BANGOR, Maine — Hispanic Heritage Month recognizes the history, traditions, and contributions of Hispanic communities in the United States. Acknowledging people who come from or have roots in Mexico, Spain, South America, Central America, and the Caribbean.
The observation started as a week-long celebration in 1968 with a declaration signed by President Lyndon B. Johnson then in 1988, it was expanded by President Ronald Reagan to a month.
I came here to work, It's not about if I like what I do or not, but if I can work, I'll always work here.
Eric and Betty Guzman moved to the United States in search of better job opportunities. Eric was born in California, and when he was 11 years old his family decided to move back to Mexico. He lived there for 10 years and decided coming back to the United States was where he could see a better future for him and his family.
"I started in Illinois, and was there for about 9 years before we decided to move to Maine," says Eric Guzman.
Eric and Betty started looking for places where there was less competition within the American cuisine, an area they knew they could strive on.
"Another of my work partners told me about opening something up in Bangor, Maine...he asked if I would be interested in moving here with my family to open an authentic Mexican restaurant. I had no idea where Maine was even located!" says Eric Guzman.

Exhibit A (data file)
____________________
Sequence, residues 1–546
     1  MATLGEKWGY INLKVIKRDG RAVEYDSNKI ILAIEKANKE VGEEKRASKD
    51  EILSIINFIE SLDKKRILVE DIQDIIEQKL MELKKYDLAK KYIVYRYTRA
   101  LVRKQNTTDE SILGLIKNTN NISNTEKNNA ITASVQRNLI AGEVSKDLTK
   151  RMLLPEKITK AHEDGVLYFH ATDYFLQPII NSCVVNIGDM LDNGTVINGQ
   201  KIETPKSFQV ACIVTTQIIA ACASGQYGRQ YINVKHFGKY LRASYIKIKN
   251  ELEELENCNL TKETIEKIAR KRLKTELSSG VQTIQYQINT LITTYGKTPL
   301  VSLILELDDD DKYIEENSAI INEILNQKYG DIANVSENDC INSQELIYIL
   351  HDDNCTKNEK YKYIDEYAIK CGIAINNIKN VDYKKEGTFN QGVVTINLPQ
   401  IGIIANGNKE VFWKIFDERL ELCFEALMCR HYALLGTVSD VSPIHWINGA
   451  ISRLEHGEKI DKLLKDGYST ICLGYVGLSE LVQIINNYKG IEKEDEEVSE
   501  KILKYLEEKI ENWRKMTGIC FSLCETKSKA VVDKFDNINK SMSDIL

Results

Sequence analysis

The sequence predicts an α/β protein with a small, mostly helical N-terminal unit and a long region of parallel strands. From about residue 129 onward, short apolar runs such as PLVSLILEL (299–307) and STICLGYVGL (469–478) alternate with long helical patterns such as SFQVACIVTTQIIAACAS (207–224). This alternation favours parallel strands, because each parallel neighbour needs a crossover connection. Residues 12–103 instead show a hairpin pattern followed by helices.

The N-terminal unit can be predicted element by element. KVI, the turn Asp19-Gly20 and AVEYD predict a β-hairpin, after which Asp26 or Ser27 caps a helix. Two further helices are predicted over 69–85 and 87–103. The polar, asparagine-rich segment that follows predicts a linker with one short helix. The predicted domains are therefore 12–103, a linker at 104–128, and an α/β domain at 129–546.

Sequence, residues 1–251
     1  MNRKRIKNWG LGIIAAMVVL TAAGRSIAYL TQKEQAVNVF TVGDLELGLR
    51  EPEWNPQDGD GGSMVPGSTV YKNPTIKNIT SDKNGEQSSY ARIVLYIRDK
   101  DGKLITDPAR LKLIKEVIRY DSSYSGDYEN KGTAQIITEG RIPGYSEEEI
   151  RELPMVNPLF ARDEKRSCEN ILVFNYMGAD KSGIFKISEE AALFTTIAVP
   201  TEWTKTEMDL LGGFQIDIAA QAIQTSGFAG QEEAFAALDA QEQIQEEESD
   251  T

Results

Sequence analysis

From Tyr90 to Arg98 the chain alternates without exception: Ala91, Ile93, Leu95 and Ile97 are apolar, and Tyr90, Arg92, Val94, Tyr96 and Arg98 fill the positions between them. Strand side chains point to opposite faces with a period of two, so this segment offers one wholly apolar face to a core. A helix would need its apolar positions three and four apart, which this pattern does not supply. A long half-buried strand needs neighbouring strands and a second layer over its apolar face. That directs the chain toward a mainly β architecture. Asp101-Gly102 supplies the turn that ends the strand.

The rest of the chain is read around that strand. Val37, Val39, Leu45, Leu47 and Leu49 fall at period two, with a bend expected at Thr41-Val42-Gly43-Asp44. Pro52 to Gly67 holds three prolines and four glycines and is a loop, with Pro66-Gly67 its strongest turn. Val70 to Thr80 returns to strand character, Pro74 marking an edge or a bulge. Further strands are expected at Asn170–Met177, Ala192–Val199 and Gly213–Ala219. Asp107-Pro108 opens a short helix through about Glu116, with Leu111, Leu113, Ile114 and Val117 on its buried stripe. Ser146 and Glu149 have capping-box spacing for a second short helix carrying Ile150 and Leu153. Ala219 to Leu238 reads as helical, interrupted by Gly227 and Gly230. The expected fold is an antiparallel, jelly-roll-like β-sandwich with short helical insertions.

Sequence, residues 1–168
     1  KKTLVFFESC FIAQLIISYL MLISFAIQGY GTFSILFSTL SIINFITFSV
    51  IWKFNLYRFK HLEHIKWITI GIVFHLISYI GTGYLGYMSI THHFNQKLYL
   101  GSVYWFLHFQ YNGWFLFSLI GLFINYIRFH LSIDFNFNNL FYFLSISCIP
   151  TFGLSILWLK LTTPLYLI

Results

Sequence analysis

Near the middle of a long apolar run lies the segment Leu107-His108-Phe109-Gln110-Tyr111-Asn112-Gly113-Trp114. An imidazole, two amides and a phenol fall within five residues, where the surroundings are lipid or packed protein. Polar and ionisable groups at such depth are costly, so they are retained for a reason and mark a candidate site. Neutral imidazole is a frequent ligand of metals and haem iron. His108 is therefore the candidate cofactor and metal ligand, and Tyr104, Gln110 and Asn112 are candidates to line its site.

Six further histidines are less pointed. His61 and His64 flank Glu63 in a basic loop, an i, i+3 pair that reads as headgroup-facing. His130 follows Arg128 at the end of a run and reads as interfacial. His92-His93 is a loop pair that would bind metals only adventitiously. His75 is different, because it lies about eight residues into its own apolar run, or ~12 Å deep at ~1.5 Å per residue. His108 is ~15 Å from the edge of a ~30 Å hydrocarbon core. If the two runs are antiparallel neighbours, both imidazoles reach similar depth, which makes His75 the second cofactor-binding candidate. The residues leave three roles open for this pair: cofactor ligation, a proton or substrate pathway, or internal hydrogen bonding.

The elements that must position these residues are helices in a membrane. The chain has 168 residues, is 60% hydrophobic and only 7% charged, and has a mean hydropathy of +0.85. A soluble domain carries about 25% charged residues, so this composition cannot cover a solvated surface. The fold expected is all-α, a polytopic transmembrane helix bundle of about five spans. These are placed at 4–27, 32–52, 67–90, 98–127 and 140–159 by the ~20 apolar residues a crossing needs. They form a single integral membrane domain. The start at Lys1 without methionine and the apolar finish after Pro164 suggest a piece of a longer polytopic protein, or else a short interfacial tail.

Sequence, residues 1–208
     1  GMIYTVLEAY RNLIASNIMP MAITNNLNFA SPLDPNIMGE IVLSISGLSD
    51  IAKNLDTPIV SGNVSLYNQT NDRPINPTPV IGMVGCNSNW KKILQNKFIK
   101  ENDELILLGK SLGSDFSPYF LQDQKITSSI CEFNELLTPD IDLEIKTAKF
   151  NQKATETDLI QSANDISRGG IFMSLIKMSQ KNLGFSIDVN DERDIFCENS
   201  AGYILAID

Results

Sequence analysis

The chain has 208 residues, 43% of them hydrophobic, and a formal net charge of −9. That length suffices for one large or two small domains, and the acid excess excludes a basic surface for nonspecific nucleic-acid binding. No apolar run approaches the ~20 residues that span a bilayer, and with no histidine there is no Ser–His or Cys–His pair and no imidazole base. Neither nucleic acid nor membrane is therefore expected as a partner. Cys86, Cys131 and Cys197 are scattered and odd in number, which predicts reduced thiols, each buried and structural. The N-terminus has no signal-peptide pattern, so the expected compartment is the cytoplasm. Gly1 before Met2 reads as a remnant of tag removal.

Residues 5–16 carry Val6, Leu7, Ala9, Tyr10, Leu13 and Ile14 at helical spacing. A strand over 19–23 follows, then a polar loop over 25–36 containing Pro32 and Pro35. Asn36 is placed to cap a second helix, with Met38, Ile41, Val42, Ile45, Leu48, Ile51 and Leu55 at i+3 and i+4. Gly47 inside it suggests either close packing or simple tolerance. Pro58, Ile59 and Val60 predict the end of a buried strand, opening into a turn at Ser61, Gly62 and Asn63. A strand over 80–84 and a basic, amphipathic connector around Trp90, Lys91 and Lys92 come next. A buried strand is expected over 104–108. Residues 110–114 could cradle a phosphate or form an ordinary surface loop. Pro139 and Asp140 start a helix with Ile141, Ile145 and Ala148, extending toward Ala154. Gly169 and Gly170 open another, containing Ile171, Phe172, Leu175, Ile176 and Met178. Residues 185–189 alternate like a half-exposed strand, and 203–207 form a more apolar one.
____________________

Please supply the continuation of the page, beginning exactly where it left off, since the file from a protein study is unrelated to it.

Eric and Betty Guzman have called Bangor home for 6 years now.
"I was in a very small circle of friends because I didn't know my way around here, I didn't know English..so at first it was difficult for me," says Betty Guzman.
"Here in the U.S., if you work hard you can be successful and reach your goals," says Eric Guzman.
"We took a risk and weren't sure if we were going to be successful or not, we work hard to pay the bills we owe and thank God it has worked out," says Eric Guzman.
Throughout the years they've slightly modified their Mexican food to offer it less greasy and less spicy, "it's how people here like it, so we are trying to keep them happy and keep them coming," says Eric Guzman.
"The state is cold but the people are warm, people here are always trying to help you," says Betty Guzman.
The Guzman's tell NEWS CENTER Maine it has gotten very difficult to live comfortably in Mexico. There is a lot of competition and in some cases when you go to university and then get a degree, you don't end up getting a job in the field you studied for. That's the reason why they thought they could provide a better life for themselves and their kids in the United States instead. "If you don't have relatives you know who work in the business you got a degree or want to work in, then it's very hard to succeed in Mexico," says Eric Guzman.
"I like to live in the US and I like the traditions they have but the Hispanic culture can enrich the people that live here," says Betty Guzman.
Betty Guzman says now it's her duty to teach her children the language, the culture, and the traditions and her kids grow up and learn in Maine. She wants to make sure her kids always carry the Hispanic culture with pride everywhere they go.
Like many other restaurants in our state, Las Palapas has been having a very rough year due to COVID-19.
Now the business has picked up a little bit but at the beginning, the owners tell Hannah they were afraid they were not going to survive.
"When the restaurant closed in march it was very hard, we didn't know if we were going to be able to survive," says Eric Guzman.
Las Palapas in Bangor is open every day from 11 a.m. to 10 p.m.
Here is a link to their authentic Mexican menu.
You could always call for pick-up at (207) 947-3500.